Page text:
Monday, November 24, 2014

Give Thanks ( With A Grateful Heart )





Here's a little offering for you this Thanksgiving and always. It focuses our sense of gratitude and thankfulness beautifully. God bless you.

Saturday, November 22, 2014

Thanksgiving Help for Those in Need

The holidays are difficult times for those in need. Here are a few of the organizations in Philadelphia helping to make a difference for Thanksgiving day, 2014.

Check them out and see how you can help ... or be helped. If you are struggling this year, our prayers are with you. With God, you are also never alone.

Here are those organizations links for you to check out:

http://www.mannapa.org/manna-blog/
http://www.uac.org/thanksgiving-basket-program
http://www.mowaa.org/
http://unitedforimpact.org/uploads/ways-to-engage/documents/Holiday-Network-Opportunities.pdf
http://www.philabundance.org/?gclid=CPPp4omx-ooCFQqgYgodxmiPqA

Places you can help:

http://www.volunteermatch.org/search/index.jsp?r=msa&categories=39&l=Philadelphia%2C+PA%2C+USA

Organizations that help out all year 'round:

http://www.homelessshelterdirectory.org/cgi-bin/id/city.cgi?city=Philadelphia&state=PA

Working with one of these organizations to help alleviate hunger may well be a better use of our time than heading to stores on Thanksgiving day.

O give thanks to the Lord, for he is good; for his steadfast love endures forever.
~ 1 Chronicles 16:34


Friday, November 21, 2014

Wishing You Joy


With the holidays rapidly approaching, we here at Lansdowne Baptist Church wish you joy. As Henri Nouwen wrote in his devotional book, Bread for the Journey

Strange as it may seem, we choose joy. Two people can be part of the same event, but one may choose to live it quite differently from the other. One may choose to trust that what happened, painful as it may be, holds a promise. The other may choose despair and be destroyed by it. What makes us human is precisely this freedom of choice.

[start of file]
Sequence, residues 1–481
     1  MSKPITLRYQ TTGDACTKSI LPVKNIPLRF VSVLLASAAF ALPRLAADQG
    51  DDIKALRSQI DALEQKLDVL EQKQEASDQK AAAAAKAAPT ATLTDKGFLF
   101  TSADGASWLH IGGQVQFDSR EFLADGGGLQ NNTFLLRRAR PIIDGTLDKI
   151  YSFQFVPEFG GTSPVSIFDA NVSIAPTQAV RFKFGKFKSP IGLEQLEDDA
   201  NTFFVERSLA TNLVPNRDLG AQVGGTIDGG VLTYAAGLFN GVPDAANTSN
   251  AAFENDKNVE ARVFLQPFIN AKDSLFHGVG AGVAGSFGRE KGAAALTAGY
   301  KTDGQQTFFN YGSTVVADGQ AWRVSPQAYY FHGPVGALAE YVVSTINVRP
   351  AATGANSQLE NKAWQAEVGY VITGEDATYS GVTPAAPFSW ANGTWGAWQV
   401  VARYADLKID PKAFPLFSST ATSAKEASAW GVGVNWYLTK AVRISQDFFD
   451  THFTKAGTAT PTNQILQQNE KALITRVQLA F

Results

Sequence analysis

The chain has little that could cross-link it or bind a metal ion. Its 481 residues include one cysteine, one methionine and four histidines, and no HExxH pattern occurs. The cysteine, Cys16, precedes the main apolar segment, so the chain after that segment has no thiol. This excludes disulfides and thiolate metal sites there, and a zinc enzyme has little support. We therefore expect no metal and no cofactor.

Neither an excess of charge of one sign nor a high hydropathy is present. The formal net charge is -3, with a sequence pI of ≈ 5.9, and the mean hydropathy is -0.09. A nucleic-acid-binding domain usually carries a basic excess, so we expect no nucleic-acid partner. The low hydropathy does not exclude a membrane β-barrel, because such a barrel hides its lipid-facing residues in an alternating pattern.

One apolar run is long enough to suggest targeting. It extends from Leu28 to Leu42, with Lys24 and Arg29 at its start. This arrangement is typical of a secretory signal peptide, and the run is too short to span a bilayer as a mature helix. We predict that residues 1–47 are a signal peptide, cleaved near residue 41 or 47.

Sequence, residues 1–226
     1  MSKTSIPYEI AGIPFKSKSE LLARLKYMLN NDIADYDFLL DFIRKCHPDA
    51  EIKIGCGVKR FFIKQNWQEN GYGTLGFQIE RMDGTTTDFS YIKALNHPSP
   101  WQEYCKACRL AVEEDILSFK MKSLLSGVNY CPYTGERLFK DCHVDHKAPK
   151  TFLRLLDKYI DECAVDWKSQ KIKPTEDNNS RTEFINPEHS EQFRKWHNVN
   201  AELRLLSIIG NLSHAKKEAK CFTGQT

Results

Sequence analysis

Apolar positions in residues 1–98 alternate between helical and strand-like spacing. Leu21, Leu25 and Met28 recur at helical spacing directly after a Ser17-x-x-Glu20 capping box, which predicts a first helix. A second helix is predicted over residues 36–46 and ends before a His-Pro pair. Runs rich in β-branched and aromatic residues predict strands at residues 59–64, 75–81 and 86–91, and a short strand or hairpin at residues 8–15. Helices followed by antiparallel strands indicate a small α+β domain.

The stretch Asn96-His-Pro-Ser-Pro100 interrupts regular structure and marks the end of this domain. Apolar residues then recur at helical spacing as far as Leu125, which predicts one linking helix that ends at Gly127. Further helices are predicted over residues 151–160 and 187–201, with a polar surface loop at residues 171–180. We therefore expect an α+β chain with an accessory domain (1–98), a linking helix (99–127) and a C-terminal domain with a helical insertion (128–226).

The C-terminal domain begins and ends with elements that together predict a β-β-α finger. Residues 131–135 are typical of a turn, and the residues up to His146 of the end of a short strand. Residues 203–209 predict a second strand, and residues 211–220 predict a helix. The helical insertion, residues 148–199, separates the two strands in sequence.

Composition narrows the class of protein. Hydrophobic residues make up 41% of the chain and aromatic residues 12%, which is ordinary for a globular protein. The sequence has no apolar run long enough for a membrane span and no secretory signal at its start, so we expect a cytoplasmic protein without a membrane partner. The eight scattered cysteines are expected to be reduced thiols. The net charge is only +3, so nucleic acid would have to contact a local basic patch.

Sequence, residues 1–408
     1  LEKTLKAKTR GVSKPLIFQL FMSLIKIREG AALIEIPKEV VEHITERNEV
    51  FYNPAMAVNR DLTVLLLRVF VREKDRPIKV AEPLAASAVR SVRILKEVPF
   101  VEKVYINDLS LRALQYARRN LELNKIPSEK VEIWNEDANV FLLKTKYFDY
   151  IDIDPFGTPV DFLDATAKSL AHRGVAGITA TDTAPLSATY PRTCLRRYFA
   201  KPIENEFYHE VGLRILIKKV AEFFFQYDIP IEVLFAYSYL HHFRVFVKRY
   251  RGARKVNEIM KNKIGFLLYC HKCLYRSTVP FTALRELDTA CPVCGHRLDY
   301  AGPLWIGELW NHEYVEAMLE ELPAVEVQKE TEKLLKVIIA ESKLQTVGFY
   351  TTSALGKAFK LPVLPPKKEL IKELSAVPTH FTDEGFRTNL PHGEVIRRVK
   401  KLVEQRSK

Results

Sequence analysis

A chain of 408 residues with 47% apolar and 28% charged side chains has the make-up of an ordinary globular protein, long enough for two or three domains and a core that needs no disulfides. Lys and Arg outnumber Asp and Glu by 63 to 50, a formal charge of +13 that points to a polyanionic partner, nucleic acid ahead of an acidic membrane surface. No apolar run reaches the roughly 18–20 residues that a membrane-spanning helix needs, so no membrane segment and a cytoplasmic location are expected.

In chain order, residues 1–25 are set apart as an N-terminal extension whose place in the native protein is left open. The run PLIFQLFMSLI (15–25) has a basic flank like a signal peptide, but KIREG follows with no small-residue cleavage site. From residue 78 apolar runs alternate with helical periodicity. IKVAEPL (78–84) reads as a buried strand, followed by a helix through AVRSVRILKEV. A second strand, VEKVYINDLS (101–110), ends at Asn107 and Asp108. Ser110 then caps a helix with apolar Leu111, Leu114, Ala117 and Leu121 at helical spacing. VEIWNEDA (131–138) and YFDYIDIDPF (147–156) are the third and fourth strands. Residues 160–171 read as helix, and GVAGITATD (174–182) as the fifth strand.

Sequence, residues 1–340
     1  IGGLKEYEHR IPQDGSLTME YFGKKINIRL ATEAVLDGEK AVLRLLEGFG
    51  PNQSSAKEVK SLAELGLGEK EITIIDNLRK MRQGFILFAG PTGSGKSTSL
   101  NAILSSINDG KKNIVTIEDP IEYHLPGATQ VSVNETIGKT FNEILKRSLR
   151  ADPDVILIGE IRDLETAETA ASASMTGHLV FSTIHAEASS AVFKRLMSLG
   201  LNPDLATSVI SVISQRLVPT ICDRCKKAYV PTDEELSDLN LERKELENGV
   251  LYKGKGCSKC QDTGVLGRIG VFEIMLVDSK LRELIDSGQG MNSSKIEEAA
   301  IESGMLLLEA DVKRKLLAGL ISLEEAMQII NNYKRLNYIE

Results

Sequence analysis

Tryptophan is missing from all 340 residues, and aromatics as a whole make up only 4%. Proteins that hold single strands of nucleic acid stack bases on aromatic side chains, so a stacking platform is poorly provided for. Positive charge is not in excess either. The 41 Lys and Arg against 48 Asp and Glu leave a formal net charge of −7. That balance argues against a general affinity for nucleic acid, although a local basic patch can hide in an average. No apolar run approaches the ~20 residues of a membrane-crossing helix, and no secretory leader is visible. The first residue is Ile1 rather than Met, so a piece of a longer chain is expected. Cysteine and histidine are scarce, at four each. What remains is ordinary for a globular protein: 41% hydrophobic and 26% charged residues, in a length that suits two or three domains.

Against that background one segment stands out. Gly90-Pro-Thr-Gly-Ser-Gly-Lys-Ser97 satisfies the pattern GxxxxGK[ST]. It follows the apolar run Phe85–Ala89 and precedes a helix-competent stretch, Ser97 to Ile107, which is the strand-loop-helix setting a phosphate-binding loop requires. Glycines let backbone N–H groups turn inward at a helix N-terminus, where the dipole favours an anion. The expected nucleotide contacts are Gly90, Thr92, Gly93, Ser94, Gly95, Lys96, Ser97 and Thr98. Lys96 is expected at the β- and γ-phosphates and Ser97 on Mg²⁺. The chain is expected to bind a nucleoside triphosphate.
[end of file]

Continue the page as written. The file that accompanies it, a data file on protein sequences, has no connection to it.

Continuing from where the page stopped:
Choose joy.  

May the God of hope fill you with all joy and peace in believing, so that you may abound in hope by the power of the Holy Spirit. ~Romans 15:13
 

Recommended Reading for Clarity


There is a lot of confusion out there today about Christianity and the Bible, where the Bible came from, how it is interpreted, what it has to say about specific topics, and more. Here are a few books that will provide some clarity for the truly curious.

For an introduction to the faith, try:

Nouwen, Henri J.M. Life of the Beloved. Spiritual Living in a Secular World. New York: The Crossroad Publishing Company, 1992.

To come to grips with the powerful love of God for humanity, read:

Nouwen, Henri J.M. The Return of the Prodigal Son: A Story of Homecoming. New York: Doubleday, 1994.

To approach the Bible with insight and clarity, the following are suggested:

Brash, Donald J. The Indispensable Guide to God's Word. Cleveland, Ohio: The Pilgrim Press, 2010.
Davis, Ellen F. & Richard B. Hays, eds. The Art of Reading Scripture. Grand Rapids, Michigan: Wm. B. Eerdmans Publishing Co., 2003.

To better understand where the sixty-six book library of the Bible came from and what a great stretch of time is covered in those books, see:

Lightfoot, Neil R. How We Got the Bible. Grand Rapids, Michigan: Baker Books, 1963, 1988, 2003.

Tackling some of the most challenging passages from the apostle Paul is:

Brauch, Manfred T. Hard Sayings of Paul. Downers Grove, Illinois: InterVarsity Press, 1989.

To understand the complex imagery used in the Bible, and to understand slavery in biblical terms, read:

Ryken, Leland, James C. Wilhoit, and Tremper Longman III, eds. Dictionary of Biblical Imagery: An Encyclopedic Exploration of the Images, Symbols, Motifs, Metaphors, Figures of Speech, and Literary Patterns of the Bible. Downers Grove, Illinois: InterVarsity Press USA, 1998.

To grapple with the relationship of slaves with Christianity in the Antebellum South, read;

Raboteau, Albert J. Slave Religion: The "Invisible Institution" in the Antebellum South. Oxford: Oxford University Press, 1978, 2004.

Please see the bibliographies of all of the above sources for additional reference material.

For the history of the American Baptist Churches USA denomination, including our fight against the vile historical institution of slavery in the U.S., read:

http://www.abc-usa.org/what_we_believe/our-history/

To understand how American Baptist Churches USA fights modern day human trafficking (slavery) today, read:

http://www.abc-usa.org/2013/12/12/abhms-endorses-iccrs-statement-against-human-trafficking/

Finally, if you wish to use study Bibles to dig deeper, see:

Coogan, Michael D., ed. The New Oxford Annotated Bible. New Revised Standard Version. Oxford: Oxford University Press, 2001.

Since there are a number of sermons available on this site, if you would like some understanding on what is involved in creating a weekly sermon, read:

Allen, Ronald J. Patterns of Preaching: A Sermon Sampler. St. Louis, Missouri: Chalice Press, 1998.

and

Tizon, Al. Missional Preaching: Engage, Embrace, Transform. Valley Forge, Pennsylvania: Judson Press, 2012.


Thursday, November 20, 2014

Missionary Jeni Pedzinski Speaks at LBC